Let’s start with some basic information and features. Please note that since this video was made, the NHTSA awarded the 2015 Sedona a 5-star overall safety rating.  The IIHS updated its ratings methods for 2015, requiring an auto-brake front crash prevention system for its 2015 Top Safety Pick “Plus” award.  The new Sedona did very well in all the IIHS crash tests but did not earn the “Plus” award, since it lacks such a front crash prevention system.  Visibility is decent, with a standard rear-view camera on all but the lowest trim level.  SX versions get the nicer Surround view monitor.  Our Sedona also came with the accessory tablet holder is a handy feature, but it protrudes and is very hard so it seems like a potential risk to a child in a frontal crash.

In Part II of the video, we discuss some of the aspects of the second row in the 8-passenger trim as well as the third row that is common to both 7- and 8-passenger models.  In the 8-passenger trim, the second row should fit various 3-across carseat configurations, as the middle seat is wide enough for some carseats.  Since there is no LATCH or tether in the middle, that seat is best suited for a booster seat or a seatbelt installation of a narrow, rear-facing carseat.  The seat cushion and seat back side bolsters may affect placement of wider carseats in the second row.  In the third row, the middle seat is quite narrow and 3-across will be a challenge, but might be possible with a selection of very narrow carseats/boosters.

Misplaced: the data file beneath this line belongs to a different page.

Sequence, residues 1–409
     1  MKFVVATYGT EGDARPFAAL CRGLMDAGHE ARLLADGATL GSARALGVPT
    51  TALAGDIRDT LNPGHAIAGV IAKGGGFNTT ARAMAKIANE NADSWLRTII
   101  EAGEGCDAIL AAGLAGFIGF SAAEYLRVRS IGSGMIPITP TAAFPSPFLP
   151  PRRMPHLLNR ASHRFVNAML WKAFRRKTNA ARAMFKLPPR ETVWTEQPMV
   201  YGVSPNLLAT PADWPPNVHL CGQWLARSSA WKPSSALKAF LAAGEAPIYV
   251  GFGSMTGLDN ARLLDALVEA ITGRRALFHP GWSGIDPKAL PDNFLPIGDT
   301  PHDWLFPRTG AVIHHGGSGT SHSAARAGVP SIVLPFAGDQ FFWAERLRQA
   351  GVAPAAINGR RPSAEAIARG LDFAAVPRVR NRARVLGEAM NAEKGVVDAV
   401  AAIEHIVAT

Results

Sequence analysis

Photo Gallery:

A Maxi-Cosi RodiFix booster and a Britax Frontier 90 combination seat (below, left) work well in the 7-passenger lounge captain’s chairs.  A Graco 4Ever carseat fits in the third row.

2016 Honda Pilot Preview: Chicago Auto Show

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The 2016 Honda Pilot, Bigger and Better for Kids?